Sometimes people are more comfortable talking about what’s happening when they can choose who can reply. Users in the test pool have said that they feel more comfortable tweeting, and more protected from spam and abuse, which has lead to them tweeting longer, more in-depth thoughts, particularly on sensitive subjects.
Here’s how it works
Before you Tweet, choose who can reply with three options:
Everyone (the default, standard setting)
Only people you follow
Only people you mention
Tweets with the latter two settings will be labeled and the reply icon will be grayed out for people who can’t reply. People who can’t reply will still be able to view, Retweet, Retweet with Comment, share, and like these Tweets.
I admit I haven’t used the feature, but it’s interesting to see how some brands are utilising it here.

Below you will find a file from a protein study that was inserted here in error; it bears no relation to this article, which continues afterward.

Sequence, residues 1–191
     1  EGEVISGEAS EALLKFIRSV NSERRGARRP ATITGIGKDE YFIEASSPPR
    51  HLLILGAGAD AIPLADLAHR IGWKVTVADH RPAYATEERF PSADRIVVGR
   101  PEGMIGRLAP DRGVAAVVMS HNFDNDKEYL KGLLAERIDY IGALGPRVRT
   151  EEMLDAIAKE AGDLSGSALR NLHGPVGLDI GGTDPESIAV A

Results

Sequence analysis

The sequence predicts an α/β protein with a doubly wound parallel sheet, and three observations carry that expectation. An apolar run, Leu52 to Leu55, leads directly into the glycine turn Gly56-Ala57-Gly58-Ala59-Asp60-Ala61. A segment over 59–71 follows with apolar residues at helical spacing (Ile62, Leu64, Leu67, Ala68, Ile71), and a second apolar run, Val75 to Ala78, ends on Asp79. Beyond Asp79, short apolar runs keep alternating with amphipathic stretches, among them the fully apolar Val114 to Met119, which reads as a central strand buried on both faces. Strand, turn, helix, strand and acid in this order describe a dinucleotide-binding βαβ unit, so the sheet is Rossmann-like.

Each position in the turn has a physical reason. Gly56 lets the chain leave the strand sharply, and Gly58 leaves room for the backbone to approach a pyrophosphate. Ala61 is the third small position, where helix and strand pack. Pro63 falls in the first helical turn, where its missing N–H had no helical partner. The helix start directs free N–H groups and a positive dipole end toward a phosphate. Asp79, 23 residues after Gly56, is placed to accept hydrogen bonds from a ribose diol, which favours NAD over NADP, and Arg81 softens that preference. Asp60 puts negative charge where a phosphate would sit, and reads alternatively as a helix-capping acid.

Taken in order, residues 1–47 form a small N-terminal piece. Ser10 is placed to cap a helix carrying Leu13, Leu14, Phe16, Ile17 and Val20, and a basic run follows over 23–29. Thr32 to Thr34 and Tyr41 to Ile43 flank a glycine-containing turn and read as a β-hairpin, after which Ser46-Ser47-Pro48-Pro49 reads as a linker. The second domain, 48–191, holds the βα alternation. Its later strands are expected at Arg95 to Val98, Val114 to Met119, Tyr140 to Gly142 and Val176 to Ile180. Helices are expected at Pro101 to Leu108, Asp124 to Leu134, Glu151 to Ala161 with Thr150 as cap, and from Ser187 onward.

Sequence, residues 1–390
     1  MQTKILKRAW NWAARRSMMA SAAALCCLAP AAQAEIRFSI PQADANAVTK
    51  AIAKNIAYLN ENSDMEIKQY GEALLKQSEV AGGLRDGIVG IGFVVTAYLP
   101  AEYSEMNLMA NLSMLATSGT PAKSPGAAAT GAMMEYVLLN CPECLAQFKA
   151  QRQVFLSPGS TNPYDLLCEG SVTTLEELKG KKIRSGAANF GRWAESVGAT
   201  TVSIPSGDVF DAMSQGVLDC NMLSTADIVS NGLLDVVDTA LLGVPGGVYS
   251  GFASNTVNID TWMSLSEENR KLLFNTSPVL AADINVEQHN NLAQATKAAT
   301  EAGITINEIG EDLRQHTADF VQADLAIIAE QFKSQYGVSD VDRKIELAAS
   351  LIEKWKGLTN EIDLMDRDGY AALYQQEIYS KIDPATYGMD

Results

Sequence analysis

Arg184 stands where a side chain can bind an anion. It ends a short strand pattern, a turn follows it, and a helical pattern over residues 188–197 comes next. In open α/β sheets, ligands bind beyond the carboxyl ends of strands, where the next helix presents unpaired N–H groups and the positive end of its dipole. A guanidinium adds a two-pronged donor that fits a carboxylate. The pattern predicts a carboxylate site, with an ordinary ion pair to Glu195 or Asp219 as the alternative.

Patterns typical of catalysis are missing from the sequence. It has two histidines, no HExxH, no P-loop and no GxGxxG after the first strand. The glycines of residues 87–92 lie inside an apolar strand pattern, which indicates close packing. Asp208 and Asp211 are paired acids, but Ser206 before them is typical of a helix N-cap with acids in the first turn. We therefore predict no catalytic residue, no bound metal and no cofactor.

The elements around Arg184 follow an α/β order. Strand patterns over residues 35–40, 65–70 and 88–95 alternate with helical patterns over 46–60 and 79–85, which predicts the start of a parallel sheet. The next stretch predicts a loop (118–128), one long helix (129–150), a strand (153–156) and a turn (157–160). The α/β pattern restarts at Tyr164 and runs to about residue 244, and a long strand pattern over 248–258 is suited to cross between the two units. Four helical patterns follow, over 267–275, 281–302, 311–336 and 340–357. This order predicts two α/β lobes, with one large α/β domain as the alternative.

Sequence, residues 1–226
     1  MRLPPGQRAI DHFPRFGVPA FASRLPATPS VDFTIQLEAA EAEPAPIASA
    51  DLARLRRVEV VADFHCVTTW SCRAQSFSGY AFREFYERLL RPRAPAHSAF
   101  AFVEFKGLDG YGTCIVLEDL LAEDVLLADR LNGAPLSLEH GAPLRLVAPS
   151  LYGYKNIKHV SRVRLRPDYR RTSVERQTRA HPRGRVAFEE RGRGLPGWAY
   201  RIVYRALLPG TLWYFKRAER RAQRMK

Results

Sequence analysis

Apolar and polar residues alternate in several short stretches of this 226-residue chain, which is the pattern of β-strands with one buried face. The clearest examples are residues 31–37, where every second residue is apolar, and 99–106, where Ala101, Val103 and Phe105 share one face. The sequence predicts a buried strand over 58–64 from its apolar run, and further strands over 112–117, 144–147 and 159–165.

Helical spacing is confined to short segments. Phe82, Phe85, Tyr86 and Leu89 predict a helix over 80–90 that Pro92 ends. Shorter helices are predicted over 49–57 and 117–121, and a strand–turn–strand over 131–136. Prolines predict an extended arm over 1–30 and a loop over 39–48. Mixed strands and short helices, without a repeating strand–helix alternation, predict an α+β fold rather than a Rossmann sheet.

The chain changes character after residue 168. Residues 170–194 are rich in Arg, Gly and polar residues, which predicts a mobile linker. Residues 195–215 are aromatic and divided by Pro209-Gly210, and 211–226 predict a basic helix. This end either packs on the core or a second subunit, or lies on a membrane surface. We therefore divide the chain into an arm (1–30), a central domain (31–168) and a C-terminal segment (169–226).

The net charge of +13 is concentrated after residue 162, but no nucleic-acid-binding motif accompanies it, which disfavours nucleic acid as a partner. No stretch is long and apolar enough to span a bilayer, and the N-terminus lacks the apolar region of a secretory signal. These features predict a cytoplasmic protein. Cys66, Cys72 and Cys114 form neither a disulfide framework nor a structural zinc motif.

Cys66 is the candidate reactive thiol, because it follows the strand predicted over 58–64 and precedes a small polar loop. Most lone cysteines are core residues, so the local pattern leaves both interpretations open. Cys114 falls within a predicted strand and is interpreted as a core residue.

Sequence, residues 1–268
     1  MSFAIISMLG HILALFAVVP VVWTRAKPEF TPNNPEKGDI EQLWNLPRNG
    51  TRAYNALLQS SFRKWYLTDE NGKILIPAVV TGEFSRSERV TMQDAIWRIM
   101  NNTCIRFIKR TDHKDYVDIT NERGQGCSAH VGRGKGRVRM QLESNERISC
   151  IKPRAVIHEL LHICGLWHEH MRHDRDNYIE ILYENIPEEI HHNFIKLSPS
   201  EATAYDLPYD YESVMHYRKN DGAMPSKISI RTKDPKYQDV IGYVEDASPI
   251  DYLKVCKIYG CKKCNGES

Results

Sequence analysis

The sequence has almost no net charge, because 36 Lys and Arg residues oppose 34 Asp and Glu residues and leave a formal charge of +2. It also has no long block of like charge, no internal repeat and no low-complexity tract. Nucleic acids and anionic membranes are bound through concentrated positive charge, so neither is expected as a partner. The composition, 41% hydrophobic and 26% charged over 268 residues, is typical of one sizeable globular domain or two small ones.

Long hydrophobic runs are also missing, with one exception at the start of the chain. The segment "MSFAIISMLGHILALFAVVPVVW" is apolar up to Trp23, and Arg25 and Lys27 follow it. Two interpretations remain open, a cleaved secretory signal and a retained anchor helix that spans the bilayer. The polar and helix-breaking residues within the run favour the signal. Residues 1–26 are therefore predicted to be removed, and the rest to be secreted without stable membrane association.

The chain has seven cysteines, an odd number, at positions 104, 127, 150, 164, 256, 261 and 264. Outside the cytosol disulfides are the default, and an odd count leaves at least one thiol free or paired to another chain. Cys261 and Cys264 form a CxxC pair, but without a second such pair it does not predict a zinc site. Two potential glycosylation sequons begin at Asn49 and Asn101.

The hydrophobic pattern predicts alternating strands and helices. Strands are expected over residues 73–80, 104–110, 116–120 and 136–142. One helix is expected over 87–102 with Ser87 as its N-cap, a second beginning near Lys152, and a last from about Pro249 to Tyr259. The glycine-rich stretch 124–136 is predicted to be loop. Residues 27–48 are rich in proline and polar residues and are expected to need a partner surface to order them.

How about you? Do you think this is a useful feature?
Knowing how to maintain an online reputation is an essential component of healthcare marketing. In this blog post, I will show you how to put an effective crisis response strategy in place for your healthcare brand.
Having an online presence has so many advantages when it comes to healthcare marketing, but it also comes with some risks. With the click of a mouse, patients can share their experiences online – good and bad – and their comments travel at lightening-speed through their social network. A social media crisis can escalate rapidly and you must be ready to step in and remedy the situation without delay. The only way to do this is to have a crisis plan already in place.
Crisis management involves dealing with threats before, during, and after they have occurred. Let’s look at these three stages in more detail.
Stage 1 Preparation